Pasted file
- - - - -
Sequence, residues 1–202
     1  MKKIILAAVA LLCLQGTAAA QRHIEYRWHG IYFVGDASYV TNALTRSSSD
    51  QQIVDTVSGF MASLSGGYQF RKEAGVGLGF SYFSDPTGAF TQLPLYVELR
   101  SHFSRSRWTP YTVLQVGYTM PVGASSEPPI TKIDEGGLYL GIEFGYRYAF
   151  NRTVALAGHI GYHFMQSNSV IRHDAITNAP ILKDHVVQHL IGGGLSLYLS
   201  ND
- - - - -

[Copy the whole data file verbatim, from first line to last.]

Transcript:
Sequence, residues 1–202
     1  MKKIILAAVA LLCLQGTAAA QRHIEYRWHG IYFVGDASYV TNALTRSSSD
    51  QQIVDTVSGF MASLSGGYQF RKEAGVGLGF SYFSDPTGAF TQLPLYVELR
   101  SHFSRSRWTP YTVLQVGYTM PVGASSEPPI TKIDEGGLYL GIEFGYRYAF
   151  NRTVALAGHI GYHFMQSNSV IRHDAITNAP ILKDHVVQHL IGGGLSLYLS
   201  ND